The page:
During the last week, criticism has steadily grown over VeriSign's "Site Finder" service, which has caused problems for network administrators and confused spam-blocking utilities. A number of Internet standards bodies and administrative groups have asked the Mountain View, Calif.-based company--which enjoys a government-granted monopoly over the .com and .net registry--to stop, and a second lawsuit seeking an injunction against the practice was filed Monday.
On Monday, VeriSign spokesman Tom Galvin said Site Finder would remain in place because "we think the technical review committee is the appropriate mechanism before making any long-term decisions about the service." The committee members who will be chosen by VeriSign and will report to the company will be announced later this week, Galvin said.
"All indications are that users, important members of the Internet community we all serve, are benefiting from the improved Web navigation offered by Site Finder," VeriSign Vice President Russell Lewis said in a Sunday letter to the Internet Corporation for Assigned Names and Numbers (ICANN). "These results are consistent with the findings from the extensive research we performed."
ICANN is the nonprofit organization that oversees Internet domain names. On Friday, the group on its "wildcard" redirection service.
Since then, ICANN's Security and Stability Advisory Committee has published a more-detailed critique of the technical problems caused by VeriSign's move. The committee--which includes a VeriSign representative--said it would hold a public meeting in the Washington, D.C., area on Oct. 7 and has asked for feedback to be sent to email@example.com.
"VeriSign's change appears to have considerably weakened the stability of the Internet, introduced ambiguous and inaccurate responses in the (Domain Name System), and has caused an escalating chain reaction of measures and countermeasures that contribute to further instability," the committee's critique said. "VeriSign's change has substantially interfered with some number of existing services which depend on the accurate, stable, and reliable operation of the domain name system."
VeriSign's new policy is intended to generate more advertising revenue from additional visitors to its network of Web sites. But the change has had the side effect of rewiring a portion of the Internet that software designers always had expected to behave a certain way. That can snarl antispam mechanisms that check to see if the sender's domain exists, complicate the analysis of network problems and possibly even pollute search engine results. Because VeriSign will become a central destination for mistyped e-mail and Web traffic, its move also raises serious privacy questions.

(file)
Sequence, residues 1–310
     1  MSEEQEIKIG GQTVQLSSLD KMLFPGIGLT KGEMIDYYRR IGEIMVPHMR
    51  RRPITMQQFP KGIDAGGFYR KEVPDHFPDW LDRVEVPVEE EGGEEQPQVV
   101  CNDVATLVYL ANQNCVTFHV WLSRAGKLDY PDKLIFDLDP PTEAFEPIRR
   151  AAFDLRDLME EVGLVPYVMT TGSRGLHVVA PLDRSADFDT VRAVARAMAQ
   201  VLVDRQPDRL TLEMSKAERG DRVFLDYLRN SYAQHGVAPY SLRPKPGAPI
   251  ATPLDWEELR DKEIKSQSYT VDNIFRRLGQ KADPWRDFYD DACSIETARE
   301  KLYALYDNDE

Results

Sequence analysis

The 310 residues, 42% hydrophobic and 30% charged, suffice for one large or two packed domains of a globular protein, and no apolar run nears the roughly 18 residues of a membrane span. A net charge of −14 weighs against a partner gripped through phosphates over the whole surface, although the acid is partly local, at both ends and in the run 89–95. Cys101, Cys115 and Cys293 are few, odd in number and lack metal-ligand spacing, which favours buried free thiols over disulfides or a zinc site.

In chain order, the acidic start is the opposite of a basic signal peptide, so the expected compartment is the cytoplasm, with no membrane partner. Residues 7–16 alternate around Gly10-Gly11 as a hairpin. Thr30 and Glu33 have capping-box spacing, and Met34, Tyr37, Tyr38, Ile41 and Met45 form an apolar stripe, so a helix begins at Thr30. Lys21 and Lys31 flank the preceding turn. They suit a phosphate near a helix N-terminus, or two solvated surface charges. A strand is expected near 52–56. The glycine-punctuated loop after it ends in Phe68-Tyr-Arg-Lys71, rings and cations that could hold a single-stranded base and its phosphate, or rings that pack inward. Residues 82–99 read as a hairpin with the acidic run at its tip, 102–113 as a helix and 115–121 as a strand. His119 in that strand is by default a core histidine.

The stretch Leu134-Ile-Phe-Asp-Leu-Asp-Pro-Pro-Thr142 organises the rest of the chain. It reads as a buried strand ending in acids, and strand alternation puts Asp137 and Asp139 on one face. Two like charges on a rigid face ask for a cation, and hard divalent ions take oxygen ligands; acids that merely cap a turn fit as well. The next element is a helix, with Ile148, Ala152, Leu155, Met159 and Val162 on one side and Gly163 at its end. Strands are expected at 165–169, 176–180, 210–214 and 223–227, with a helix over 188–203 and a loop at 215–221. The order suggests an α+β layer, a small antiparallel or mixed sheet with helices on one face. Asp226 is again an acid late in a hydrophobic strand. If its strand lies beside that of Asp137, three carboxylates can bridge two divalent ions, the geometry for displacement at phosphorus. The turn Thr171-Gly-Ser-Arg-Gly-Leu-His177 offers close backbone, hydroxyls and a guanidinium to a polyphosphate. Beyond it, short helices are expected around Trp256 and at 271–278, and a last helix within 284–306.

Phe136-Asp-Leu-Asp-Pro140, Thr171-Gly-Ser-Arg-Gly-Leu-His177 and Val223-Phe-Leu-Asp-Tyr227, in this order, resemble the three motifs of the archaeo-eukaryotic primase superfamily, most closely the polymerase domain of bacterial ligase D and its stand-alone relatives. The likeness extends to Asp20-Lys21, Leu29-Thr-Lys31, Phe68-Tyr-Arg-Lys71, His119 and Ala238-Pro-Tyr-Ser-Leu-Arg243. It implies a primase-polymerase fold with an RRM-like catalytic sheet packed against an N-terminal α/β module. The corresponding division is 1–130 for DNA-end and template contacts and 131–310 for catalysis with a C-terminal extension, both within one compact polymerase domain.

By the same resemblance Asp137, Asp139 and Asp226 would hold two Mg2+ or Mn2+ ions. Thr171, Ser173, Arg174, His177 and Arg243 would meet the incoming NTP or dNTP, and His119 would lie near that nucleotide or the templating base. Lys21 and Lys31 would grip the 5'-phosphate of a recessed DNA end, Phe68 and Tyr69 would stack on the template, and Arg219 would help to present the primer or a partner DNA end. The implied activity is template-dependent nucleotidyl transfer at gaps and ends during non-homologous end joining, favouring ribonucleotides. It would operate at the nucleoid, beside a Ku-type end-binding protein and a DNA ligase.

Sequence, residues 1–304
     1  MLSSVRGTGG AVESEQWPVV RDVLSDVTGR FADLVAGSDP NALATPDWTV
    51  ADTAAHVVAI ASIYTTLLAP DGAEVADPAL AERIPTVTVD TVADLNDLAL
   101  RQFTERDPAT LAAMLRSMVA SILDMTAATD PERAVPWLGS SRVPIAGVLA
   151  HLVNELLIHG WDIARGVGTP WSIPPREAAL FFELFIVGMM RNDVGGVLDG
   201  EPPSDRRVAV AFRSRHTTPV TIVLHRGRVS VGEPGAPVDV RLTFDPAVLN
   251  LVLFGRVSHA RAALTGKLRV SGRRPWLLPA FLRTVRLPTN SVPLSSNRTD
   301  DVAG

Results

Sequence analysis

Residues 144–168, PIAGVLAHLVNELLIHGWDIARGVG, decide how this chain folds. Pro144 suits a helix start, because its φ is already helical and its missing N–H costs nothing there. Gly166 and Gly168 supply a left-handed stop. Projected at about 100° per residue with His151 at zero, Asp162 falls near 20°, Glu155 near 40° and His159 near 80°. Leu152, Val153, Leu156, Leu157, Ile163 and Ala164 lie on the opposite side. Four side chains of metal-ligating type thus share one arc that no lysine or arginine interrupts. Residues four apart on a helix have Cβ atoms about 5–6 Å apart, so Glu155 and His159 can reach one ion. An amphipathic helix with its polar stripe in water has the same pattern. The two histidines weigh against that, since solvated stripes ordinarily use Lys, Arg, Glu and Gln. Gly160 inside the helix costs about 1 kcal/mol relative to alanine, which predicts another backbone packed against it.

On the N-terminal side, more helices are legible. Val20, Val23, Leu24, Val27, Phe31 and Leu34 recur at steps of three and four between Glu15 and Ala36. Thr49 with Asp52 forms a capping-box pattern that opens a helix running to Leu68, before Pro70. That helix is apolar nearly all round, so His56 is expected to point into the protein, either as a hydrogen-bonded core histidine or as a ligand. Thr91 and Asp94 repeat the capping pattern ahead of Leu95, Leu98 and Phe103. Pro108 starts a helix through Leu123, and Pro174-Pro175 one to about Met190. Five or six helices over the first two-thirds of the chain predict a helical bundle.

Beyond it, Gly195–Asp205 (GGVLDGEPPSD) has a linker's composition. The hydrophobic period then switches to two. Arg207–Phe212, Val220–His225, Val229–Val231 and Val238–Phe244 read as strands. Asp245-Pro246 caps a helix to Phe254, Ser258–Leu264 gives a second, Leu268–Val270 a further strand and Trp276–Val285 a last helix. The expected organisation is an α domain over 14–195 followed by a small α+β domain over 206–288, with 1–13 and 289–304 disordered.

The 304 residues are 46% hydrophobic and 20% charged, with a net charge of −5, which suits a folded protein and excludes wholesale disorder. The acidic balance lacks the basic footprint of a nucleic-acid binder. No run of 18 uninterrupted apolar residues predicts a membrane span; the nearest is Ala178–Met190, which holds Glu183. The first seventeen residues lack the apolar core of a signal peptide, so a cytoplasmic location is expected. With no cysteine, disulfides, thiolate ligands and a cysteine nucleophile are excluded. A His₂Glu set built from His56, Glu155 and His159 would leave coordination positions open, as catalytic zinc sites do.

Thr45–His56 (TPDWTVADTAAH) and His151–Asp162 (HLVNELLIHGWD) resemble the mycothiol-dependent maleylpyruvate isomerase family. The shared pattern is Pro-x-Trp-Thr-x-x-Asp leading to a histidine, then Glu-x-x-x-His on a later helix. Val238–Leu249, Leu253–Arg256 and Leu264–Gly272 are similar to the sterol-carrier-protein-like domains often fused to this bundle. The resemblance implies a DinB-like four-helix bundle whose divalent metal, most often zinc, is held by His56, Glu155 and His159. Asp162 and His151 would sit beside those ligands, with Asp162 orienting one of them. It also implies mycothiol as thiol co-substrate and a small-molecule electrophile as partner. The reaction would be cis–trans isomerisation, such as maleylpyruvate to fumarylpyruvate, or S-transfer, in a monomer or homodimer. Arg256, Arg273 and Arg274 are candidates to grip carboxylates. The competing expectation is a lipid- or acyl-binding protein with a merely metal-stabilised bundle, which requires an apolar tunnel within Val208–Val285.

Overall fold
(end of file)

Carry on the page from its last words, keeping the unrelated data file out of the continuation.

On Monday, domain name registrar Go Daddy Software filed a lawsuit in federal district court in Arizona seeking to halt the Site Finder redirection. "VeriSign has hijacked this entire process," Bob Parsons, president of Go Daddy, said in a statement. "When the user is sent to VeriSign's advertising page, VeriSign gets paid by the advertiser when the user clicks a link to get off the page, to the tune of $150 million annually, as estimated by VeriSign."
It appears to be the second lawsuit filed in response to VeriSign's move. Popular Enterprises, the parent company of search provider Netster.com, sued VeriSign over the Site Finder redirection last week, alleging antitrust violations, unfair competition and violations of the Deceptive and Unfair Trade Practices Act.
Also in response to VeriSign's move, the well-respected Internet Architecture Board published on Saturday a document titled "Architectural Concerns on the use of DNS Wildcards," referring to the domain name system. It says the danger of "wildcard records is that they interact poorly with any use of the DNS that depends on 'no such name' responses."